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OMEGA | Thomas Molander
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Thomas Molander

09 Jan Thomas Molander

Alex and Tyler sat in cheap camping chairs in the living room. A movie was being projected onto the white wall and Alex was watching it. Tyler was wearing NoNoise earplugs and was facing Alex, who was holding a small whiteboard and a dry erase marker.

“Some sexual activity is implied, mainly through sexual moans and facial expressions,” Alex wrote on the whiteboard in his loopy handwriting.

Tyler looked at the board. His eyes closed and his face became blank as he imagined the sexual moans, and then an expression of recognition came over his features and he nodded.

Alex shook the whiteboard to get Tyler’s attention again.

“A man is punched several times during a road trip,” he’d written.

Tyler grimaced and snatched the earplugs from his ears, throwing them onto the ground.

“I don’t know,” he said, “it’s better just to watch a movie as it is meant to be watched I guess. I don’t know where I got that idea about how it’s better to have something described to you than to experience it yourself. Maybe the movie is already like someone describing an experience, not an experience in itself.”

“I was enjoying writing on the whiteboard,” Alex said. “I think it enhanced my engagement in the movie. Oh, did that date with the woman from the dating app go the other day?”

“Very bad, she didn’t like my hair I think. We ran into her ex-boyfriend and he had short hair. I’ve never felt so stupid. I keep feeling lonely and thinking about Justine. I shouldn’t have made up that story about that nightmare scene unfolding on St. Laurent. I could have just told her something nice that happened to me that day. I could have made up a story that was nice.”

They sat and watched the movie on the wall. Occasionally, the projection would fade and the colours would weaken, as if the projector were running out of power. When this happened, they would instinctively lean forward, until the projector seemed to regenerate itself and the picture would be bold and sharp again. The movie seemed to be nearing a close; there was an orchestral ballad playing in the background while an NFL player was slowly dancing with a man who may have been his coach.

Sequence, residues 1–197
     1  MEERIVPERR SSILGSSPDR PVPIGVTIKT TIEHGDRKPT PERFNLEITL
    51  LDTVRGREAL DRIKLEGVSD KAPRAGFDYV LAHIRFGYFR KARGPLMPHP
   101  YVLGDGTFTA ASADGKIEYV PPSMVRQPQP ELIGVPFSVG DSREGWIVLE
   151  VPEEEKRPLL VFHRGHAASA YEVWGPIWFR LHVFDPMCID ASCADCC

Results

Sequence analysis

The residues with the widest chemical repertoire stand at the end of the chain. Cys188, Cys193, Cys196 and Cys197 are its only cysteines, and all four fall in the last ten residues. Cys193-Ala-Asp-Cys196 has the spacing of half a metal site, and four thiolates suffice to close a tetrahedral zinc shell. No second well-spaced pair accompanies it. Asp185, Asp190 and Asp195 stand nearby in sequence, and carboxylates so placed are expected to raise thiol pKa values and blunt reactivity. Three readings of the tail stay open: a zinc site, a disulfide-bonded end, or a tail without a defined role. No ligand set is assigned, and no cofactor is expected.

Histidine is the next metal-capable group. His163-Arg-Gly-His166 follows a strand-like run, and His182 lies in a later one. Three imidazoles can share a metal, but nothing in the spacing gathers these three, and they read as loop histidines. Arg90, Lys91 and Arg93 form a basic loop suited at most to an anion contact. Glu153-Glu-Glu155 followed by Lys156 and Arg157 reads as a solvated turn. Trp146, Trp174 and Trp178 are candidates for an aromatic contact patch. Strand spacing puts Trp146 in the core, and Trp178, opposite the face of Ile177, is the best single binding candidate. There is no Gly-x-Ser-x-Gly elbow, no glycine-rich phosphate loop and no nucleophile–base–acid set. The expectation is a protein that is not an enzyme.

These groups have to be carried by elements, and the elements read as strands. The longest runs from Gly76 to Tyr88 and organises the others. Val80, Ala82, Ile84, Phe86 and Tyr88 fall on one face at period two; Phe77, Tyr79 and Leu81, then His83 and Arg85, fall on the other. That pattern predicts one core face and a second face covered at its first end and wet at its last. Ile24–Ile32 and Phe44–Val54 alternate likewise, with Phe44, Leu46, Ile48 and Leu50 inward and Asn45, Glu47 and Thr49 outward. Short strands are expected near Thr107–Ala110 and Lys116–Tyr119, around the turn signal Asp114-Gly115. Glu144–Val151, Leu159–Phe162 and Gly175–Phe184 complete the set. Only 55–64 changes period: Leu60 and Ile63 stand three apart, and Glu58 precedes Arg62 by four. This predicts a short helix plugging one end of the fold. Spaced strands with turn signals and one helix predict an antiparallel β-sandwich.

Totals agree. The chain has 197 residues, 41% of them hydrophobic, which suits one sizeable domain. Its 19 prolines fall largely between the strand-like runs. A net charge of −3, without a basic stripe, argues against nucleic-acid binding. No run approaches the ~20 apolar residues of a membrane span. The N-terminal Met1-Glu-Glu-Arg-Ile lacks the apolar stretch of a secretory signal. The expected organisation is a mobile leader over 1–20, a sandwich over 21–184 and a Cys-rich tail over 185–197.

“Oh, I know,” said Tyler, pulling his phone out of his pocket and opening the online dating app.

He clicked on his profile and then clicked “edit.” He changed his personal bio to “I’m looking for a nice haircut.” He uploaded two photos to his profile to provide women with more information: a picture of his long, tangled hair covering his face to show the current haircut, and a cast photo from The Outsiders to show the type of haircut he might want.

“Put a picture of me on there too,” Alex said. “If anyone asks ‘who is the other guy who isn’t you’ you can say ‘that is my nice roommate,’ and if they inquire about me further, you can give them my number.”

“Why would I do that?”

“It’s extremely minimal effort for you, and it’s no effort for me. But it could get me a date. These tiny ingenuities could change our lives.”

Tyler turned from the projection of the movie’s credits to face Alex, who was holding up the whiteboard again. On the whiteboard was written these tiny ingenuities could change our lives.

“Smile, then,” Tyler said, and took his picture.

Thomas Molander has published fiction in The Paragon Journal, Tracer, and Queen Mob’s Tea House. He studies English and Creative Writing at Concordia University and is Fiction Editor for Bad Nudes magazine.

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